This series contains mainly correspondence received by Clara Benson from family and friends. Two files contain correspondence that is undated, but seems to be predominantly created prior to her retirement in 1945. Correspondents include, among others, letters from her parents, her brother Bingley, her sisters Constance, Jessie, and Ethel, cousins, school friends, professors such as A. B. Macallum, and colleagues such as Professor Annie Laird. Subjects discussed include studies at University of Toronto, congratulations on her doctorate in 1903, postcards home to family about her trip to Europe in 1904, and 1910-1913, matters relating to her involvement on the Executive Committee of the Student Volunteer Movement for Foreign Missions (1912), and other professional and academic activities. Also includes file of correspondence about and from French children sponsored by Dr. Benson such as Maryse Deslandes and Madeleine Killian (1958-1964).

Other activities

In 1921, Dr. Benson was elected the first president of the Women’s Athletic Association of University of Toronto and was involved from the beginning in the campaign to build an athletic building for women. Among the records relating to this activity are correspondence, notes, financial statements and blueprints of proposed buildings. Also included in this series are correspondence, minutes and reports relating to her work as Chair of the Foreign Committee of the YWCA (Young Women’s Christian Association) focusing primarily on an international survey on leadership (1930-1932). Other documents include two undated and unsigned manuscripts of stories, a collection of cards acquired during a trip to the Chicago World’s Fair in 1893, and a scrapbook of pressed flowers with identification collected by Clara Benson ca 1890’s.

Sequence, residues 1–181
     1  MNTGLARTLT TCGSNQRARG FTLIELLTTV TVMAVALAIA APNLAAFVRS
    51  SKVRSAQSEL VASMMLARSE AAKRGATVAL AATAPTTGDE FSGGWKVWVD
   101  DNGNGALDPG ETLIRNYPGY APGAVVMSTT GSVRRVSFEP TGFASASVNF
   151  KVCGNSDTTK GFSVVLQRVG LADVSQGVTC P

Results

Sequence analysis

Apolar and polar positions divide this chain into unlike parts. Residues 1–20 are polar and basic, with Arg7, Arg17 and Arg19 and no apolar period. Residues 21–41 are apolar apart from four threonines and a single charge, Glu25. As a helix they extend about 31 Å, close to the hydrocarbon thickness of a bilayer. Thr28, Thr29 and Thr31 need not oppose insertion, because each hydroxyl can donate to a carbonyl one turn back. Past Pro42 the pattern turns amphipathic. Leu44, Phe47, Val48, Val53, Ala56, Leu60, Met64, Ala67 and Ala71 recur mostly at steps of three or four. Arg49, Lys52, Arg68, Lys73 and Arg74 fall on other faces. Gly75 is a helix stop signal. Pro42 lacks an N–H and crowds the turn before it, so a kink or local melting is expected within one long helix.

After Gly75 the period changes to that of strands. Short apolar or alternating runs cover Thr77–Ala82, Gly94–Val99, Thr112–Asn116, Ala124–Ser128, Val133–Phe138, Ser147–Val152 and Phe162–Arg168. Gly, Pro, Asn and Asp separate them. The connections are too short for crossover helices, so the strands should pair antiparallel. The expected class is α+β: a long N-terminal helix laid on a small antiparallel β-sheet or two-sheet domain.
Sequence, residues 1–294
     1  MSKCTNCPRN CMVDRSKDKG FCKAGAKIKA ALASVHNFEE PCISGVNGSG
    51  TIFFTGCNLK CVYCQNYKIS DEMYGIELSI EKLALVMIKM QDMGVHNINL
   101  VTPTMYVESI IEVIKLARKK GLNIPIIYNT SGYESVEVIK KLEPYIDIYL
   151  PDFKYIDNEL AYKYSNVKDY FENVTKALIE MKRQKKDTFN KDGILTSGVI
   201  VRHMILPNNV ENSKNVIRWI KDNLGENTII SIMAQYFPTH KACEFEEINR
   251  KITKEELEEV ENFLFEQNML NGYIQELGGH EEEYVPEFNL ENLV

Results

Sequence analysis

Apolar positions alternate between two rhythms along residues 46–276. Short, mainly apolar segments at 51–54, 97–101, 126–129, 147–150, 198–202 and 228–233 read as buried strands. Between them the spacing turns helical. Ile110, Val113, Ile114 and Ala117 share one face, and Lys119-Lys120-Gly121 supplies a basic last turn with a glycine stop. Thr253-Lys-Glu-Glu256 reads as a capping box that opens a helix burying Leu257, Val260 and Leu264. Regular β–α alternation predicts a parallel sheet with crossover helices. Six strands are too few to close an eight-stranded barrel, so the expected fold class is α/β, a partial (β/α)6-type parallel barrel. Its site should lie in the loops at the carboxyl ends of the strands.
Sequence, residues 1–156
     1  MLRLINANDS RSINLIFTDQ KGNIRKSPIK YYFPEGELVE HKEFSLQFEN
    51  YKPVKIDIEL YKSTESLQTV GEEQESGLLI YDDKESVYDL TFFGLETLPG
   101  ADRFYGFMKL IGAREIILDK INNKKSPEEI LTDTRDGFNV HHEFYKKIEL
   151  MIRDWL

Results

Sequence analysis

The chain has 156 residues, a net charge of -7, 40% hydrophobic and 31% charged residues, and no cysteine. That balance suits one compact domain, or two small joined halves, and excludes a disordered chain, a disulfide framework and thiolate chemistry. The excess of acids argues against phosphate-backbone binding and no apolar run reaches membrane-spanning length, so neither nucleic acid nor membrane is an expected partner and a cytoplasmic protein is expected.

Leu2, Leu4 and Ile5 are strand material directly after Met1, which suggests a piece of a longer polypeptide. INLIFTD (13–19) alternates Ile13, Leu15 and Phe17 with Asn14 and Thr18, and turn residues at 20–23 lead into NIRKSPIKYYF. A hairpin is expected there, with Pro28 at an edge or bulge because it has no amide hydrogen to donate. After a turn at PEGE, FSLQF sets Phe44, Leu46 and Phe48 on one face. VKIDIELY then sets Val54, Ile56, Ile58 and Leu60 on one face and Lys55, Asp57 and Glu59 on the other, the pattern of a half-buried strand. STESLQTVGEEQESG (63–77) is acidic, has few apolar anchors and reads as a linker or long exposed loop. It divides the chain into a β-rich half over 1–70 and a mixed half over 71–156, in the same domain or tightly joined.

Photographs

This series contains a small number of loose photos, some of which would have been collected, others taken by Dr. Benson. Early snapshots relate to Benson’s summer at Muskoka, the Blake summer residence, La Maison Rouge and La Caprice and her trip(s) to Europe. This series also contain 2 photo albums documenting the Benson/Blake families including trips, summer homes, Terralta, Port Hope.